From Palm Sunday to Easter Sunday Christians remember the events of that week in Jerusalem, when Jesus walked towards his death on the cross, followed by the stupendous news of the resurrection. We hear about these events nearly every Sunday through our Communion liturgy, but during Holy Week we focus on the details and try to experience the grief and joy, the loss and the surprise more intensely. Some churches get a lot more into the liturgical celebration than others. Catholic and Anglo-Catholic churches for example tend to have many and long services. Some of the more modern, charismatic churches have just one Easter service, because the pastor and most of the congregation are away on holidays. Here at St Paul’s we probably sit somewhere in the middle by offering some special services, but not too many and constant services throughout Holy Week.
While I was at St John’s College I was in a group that was part of the Holy Week celebrations at the Auckland Cathedral. The planning for this week was impressive; it was carried out with precision by many and various participants. The precentor at the Cathedral is very experienced and puts in many hours to get this series of services arranged. I was only involved in some of the preparation, but I was there for all the services from Maundy Thursday to Easter Sunday. Indeed, there was little else I did during these days. It was a very intense time. This was the celebration of the Paschal Triduum—the three days of remembering Jesus’ suffering, death and resurrection during the Passover (Pesach in Hebrew, Paskha in Aramaic, Pascha in Greek). I would recommend such an intentional time of remembrance. I would find it difficult to do it every year, and so the Anglican low church tradition may be a compromise.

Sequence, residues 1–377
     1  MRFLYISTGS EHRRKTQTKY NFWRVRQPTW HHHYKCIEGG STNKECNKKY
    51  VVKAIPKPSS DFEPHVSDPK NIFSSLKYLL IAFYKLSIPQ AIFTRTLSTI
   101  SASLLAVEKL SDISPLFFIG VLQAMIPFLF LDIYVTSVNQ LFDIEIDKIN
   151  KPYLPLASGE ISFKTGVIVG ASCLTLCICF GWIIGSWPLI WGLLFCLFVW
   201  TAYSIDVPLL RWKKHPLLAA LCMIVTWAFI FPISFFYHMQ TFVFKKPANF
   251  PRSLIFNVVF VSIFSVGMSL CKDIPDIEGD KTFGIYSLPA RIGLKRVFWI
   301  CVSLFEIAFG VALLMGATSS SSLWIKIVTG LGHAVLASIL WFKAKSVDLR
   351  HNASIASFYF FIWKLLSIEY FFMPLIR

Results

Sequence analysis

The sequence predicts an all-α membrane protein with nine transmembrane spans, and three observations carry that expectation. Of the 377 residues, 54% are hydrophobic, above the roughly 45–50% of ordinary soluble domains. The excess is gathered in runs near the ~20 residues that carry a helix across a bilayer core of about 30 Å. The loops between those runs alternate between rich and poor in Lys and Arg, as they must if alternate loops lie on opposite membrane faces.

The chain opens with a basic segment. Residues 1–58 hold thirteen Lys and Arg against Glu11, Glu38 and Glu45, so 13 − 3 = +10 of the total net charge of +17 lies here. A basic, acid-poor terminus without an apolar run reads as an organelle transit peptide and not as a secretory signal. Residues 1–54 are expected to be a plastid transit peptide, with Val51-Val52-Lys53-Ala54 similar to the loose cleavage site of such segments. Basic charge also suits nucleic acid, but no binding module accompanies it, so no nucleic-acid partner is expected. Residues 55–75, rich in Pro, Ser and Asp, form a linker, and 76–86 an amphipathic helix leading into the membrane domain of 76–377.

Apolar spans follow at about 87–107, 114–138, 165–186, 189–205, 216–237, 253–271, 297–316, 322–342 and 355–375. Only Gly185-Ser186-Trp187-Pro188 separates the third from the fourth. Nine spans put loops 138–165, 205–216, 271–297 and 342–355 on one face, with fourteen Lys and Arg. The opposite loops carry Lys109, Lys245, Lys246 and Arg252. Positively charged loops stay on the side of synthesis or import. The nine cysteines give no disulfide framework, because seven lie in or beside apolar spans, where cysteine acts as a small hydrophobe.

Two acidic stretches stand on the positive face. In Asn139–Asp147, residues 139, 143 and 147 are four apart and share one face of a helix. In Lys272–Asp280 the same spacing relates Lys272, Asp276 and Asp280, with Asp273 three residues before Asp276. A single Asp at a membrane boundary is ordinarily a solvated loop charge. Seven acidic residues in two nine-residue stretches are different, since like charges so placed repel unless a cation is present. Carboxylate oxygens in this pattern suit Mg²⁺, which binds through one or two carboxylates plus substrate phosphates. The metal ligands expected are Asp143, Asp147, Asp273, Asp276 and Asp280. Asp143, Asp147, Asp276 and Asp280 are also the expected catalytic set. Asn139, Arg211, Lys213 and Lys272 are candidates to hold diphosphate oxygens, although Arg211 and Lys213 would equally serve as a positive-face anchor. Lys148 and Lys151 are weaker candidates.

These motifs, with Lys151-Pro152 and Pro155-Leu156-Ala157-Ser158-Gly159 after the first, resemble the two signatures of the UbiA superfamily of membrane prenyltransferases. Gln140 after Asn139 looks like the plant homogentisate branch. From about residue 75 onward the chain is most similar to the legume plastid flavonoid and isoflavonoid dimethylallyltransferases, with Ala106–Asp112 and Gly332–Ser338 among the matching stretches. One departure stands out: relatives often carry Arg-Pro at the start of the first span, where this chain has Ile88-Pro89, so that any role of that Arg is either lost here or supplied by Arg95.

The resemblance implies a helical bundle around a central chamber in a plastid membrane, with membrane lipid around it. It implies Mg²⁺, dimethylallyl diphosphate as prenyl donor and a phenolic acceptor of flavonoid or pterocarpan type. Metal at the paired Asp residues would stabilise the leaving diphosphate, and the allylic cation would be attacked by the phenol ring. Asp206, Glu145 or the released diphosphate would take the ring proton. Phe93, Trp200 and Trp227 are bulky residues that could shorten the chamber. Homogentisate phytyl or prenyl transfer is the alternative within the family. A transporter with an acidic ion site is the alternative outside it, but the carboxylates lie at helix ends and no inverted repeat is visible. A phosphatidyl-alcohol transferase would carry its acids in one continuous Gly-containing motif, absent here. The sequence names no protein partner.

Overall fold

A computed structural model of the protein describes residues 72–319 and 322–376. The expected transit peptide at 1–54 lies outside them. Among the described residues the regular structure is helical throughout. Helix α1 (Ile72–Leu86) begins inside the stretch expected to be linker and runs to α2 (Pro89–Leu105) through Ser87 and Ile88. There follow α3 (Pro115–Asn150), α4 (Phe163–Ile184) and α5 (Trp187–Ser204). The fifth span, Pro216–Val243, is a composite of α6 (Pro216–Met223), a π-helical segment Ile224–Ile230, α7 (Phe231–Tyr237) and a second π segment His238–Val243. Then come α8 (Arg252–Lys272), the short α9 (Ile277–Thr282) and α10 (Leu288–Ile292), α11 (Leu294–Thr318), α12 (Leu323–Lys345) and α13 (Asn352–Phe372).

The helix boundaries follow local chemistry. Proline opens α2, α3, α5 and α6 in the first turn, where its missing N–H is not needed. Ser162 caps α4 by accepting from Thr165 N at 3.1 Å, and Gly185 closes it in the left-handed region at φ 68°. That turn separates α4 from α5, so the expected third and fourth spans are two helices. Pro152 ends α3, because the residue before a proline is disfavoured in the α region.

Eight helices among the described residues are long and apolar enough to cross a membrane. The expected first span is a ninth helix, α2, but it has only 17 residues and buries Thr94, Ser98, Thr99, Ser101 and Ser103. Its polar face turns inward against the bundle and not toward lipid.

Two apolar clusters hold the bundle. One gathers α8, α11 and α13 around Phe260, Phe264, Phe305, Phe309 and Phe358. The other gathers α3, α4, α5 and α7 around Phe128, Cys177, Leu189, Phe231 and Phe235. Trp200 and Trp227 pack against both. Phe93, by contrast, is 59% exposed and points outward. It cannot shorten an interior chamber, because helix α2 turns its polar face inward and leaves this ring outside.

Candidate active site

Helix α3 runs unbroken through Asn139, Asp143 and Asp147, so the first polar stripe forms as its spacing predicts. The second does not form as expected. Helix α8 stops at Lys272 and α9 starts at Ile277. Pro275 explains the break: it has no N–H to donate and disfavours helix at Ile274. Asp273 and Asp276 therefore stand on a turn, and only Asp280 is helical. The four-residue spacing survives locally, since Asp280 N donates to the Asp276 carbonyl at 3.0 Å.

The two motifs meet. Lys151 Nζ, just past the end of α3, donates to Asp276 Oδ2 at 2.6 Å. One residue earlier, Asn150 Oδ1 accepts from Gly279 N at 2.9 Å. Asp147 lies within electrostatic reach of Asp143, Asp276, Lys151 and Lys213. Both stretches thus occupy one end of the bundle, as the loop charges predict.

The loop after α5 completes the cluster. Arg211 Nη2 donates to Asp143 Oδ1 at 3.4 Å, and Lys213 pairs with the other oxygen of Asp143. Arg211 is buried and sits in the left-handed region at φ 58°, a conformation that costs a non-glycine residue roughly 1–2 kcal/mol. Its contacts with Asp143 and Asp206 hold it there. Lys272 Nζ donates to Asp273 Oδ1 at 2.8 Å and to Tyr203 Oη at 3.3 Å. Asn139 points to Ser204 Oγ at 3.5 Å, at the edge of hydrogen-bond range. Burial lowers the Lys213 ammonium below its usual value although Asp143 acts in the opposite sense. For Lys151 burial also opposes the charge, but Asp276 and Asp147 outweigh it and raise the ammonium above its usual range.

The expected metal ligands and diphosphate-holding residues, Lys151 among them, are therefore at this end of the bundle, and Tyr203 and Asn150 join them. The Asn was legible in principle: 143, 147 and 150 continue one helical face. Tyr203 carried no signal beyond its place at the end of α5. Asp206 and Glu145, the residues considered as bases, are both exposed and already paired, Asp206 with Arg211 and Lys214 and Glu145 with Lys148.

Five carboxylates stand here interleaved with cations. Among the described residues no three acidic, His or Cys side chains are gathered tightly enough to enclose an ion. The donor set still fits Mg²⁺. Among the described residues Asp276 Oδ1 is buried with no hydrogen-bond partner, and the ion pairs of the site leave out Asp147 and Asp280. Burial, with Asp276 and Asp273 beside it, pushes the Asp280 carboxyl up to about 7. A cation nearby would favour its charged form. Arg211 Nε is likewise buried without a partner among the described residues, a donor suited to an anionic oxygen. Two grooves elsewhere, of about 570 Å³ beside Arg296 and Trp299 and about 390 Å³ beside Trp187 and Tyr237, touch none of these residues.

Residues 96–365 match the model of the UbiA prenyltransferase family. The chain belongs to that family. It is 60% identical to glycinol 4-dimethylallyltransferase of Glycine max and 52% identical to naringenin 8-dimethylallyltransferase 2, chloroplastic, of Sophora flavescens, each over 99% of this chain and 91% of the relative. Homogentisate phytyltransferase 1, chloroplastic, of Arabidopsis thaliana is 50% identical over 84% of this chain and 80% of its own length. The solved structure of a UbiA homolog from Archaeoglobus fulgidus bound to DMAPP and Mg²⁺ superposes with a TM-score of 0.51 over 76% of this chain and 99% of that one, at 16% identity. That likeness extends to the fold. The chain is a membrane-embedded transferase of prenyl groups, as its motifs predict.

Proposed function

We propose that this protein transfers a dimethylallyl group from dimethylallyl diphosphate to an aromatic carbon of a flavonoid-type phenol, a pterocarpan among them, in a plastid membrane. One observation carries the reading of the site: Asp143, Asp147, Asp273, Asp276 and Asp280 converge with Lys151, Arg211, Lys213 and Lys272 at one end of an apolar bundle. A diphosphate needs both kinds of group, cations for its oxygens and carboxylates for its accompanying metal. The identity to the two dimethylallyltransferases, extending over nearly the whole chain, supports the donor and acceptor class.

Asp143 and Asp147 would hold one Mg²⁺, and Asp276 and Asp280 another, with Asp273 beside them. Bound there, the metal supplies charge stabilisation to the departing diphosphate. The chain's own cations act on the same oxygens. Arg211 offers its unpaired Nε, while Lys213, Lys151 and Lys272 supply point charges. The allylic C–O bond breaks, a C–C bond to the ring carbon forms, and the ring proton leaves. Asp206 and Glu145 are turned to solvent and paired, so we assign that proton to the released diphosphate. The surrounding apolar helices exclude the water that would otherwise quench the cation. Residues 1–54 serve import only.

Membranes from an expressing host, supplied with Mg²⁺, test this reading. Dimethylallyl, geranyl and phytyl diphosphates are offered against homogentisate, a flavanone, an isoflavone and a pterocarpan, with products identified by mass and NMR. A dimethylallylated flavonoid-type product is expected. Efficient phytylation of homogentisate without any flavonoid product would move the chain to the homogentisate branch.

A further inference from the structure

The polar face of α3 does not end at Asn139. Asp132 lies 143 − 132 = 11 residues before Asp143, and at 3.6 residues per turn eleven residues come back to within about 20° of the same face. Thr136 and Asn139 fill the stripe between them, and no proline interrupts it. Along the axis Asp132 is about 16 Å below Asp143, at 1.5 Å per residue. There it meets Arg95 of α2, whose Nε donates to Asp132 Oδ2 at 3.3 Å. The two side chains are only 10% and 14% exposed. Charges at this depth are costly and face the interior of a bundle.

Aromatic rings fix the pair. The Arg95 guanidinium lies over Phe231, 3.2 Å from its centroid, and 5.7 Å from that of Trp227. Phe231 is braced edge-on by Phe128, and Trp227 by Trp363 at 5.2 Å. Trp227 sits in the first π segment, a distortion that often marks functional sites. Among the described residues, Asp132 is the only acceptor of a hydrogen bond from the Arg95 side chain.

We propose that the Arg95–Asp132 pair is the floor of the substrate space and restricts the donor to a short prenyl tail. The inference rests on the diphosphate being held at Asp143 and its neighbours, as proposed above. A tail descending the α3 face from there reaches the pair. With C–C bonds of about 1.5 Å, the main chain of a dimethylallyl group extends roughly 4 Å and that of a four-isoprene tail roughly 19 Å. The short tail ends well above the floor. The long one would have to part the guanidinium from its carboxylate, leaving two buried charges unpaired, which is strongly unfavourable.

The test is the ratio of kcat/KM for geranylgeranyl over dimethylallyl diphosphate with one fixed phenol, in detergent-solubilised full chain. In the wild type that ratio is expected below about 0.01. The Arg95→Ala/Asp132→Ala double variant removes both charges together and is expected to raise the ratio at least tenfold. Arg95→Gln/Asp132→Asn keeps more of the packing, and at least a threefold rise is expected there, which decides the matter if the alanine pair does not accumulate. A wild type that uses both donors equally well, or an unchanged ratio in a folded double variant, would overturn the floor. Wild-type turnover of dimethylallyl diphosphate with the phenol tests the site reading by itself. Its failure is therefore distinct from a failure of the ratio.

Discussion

I still remember stepping out on the balcony of the Cathedral in Parnell at the end and watching over Hobson Bay, the Hauraki Gulf and the leafy roads and suburbs of Auckland. I realised that I now had to bring that experience into the daily life, the streets filled with busy, hurting, arrogant, lonely, striving and friendly people. And that remains the challenge for all our remembering and worship. I hope that it will equip us to meet others and bring God’s love to the world.